The Federal Housing Finance Agency has fulfilled a promise it made last March, today instructing Fannie Mae and Freddie Mac to prohibit mortgage servicers from being reimbursed for expenses related to forced-placed insurance.
Forced-placed insurance is placed on a property by the lender – at the borrower’s expense – when the borrower doesn’t maintain flood or homeowners insurance. Usually much more expensive than insurance homeowners could acquire themselves, forced-placed insurance is a goldmine for insurers, who up to now have shared the wealth with lenders by paying commissions for placing the policies.
Today’s directive from FHFA, however, effectively puts the kibosh on that, citing concerns that the practice could expose Fannie and Freddie to potential losses, litigation and “reputation risks.”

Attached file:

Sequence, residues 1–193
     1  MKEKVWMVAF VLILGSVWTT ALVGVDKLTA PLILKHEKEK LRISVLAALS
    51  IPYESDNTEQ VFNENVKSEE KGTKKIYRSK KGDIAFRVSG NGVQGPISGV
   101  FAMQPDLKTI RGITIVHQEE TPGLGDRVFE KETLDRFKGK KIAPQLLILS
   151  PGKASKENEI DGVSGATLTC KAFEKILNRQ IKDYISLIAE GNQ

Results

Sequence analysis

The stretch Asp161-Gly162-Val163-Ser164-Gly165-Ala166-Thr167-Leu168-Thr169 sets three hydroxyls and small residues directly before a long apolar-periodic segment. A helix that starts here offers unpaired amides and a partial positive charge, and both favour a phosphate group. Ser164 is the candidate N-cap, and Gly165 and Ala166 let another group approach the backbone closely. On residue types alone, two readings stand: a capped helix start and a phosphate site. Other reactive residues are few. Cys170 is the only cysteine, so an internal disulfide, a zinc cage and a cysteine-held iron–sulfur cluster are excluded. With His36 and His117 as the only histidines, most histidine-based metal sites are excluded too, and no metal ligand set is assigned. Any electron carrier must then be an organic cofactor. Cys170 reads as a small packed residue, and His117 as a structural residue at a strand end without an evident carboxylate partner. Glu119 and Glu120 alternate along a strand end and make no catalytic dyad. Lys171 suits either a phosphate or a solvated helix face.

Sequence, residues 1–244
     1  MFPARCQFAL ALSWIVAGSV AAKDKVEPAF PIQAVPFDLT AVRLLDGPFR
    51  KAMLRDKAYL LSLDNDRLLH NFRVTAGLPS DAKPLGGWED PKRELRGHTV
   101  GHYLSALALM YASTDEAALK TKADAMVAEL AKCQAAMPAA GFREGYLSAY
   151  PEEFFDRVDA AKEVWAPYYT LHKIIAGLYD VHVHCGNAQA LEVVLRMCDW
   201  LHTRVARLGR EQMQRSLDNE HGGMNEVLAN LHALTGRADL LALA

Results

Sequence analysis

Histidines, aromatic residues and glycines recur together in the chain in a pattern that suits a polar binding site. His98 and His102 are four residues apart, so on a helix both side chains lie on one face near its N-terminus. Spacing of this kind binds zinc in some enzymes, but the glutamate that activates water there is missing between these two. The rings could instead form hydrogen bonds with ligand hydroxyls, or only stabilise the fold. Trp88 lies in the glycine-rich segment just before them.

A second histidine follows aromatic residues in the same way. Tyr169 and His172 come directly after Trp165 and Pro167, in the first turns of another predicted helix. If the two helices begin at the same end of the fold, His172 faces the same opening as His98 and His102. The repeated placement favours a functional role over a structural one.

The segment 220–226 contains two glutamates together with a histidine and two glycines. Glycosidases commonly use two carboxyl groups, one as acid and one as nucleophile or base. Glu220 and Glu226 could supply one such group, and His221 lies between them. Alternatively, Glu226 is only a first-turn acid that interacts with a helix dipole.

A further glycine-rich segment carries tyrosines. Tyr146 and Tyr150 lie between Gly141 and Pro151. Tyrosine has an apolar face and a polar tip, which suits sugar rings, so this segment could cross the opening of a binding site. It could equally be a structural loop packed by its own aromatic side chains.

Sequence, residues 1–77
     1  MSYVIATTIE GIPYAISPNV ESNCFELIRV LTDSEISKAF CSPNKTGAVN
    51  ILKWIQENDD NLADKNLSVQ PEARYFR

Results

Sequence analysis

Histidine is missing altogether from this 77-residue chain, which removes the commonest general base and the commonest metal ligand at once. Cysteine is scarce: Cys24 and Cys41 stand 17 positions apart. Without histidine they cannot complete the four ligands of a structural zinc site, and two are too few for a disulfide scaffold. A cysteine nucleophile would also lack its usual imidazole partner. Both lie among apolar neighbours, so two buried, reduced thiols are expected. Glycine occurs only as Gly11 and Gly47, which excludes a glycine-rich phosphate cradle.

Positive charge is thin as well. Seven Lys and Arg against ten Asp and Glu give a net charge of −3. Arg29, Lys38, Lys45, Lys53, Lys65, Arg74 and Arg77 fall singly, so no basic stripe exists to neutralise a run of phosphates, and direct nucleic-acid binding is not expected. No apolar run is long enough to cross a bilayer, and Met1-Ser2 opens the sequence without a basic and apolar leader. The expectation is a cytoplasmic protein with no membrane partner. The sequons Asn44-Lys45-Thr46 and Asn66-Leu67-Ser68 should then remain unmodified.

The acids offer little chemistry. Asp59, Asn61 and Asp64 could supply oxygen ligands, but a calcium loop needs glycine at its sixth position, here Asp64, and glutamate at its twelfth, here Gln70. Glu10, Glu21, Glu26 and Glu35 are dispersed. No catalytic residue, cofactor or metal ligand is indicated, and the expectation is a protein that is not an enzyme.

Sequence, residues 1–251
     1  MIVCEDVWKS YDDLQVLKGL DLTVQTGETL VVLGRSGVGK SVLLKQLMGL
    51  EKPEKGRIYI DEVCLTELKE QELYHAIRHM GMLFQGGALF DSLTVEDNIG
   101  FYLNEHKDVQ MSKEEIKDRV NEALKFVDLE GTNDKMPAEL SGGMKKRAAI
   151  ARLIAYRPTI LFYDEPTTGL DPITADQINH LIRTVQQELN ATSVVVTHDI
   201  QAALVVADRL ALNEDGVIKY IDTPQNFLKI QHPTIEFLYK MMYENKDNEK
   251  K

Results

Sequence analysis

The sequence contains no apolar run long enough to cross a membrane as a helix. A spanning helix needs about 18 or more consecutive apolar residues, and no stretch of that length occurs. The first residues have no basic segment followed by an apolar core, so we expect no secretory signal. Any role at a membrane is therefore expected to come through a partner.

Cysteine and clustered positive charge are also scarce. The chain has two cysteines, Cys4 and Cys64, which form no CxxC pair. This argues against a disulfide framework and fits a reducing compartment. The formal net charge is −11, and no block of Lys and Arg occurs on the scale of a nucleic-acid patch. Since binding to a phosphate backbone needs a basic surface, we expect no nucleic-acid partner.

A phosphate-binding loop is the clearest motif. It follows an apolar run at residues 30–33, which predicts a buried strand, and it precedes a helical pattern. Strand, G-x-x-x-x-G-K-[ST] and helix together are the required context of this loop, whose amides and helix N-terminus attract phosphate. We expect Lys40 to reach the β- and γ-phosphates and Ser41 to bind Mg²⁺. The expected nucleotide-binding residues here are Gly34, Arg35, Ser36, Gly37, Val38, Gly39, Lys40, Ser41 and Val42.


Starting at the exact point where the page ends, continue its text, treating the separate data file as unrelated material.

“FHFA remains concerned about the cost of lender-placed insurance for Fannie Mae, Freddie Mac, and consumers,” said FHFA Acting Director Edward J. DeMarco. “One of our primary responsibilities as conservator of Fannie Mae and Freddie Mac is to preserve and conserve their assets on behalf of taxpayers. This directive is intended to reduce their costs as we consider additional measures.”
Lenders such as Wells Fargo, however, have consistently defended the practice of forced-place insurance. In a California court Friday, the South Dakota-based bank asked a federal judge to toss out class action claims saying it forced the costly policies onto homeowners, on the basis that Wells Fargo “repeatedly warned” homeowners the insurance policies would be more expensive than others.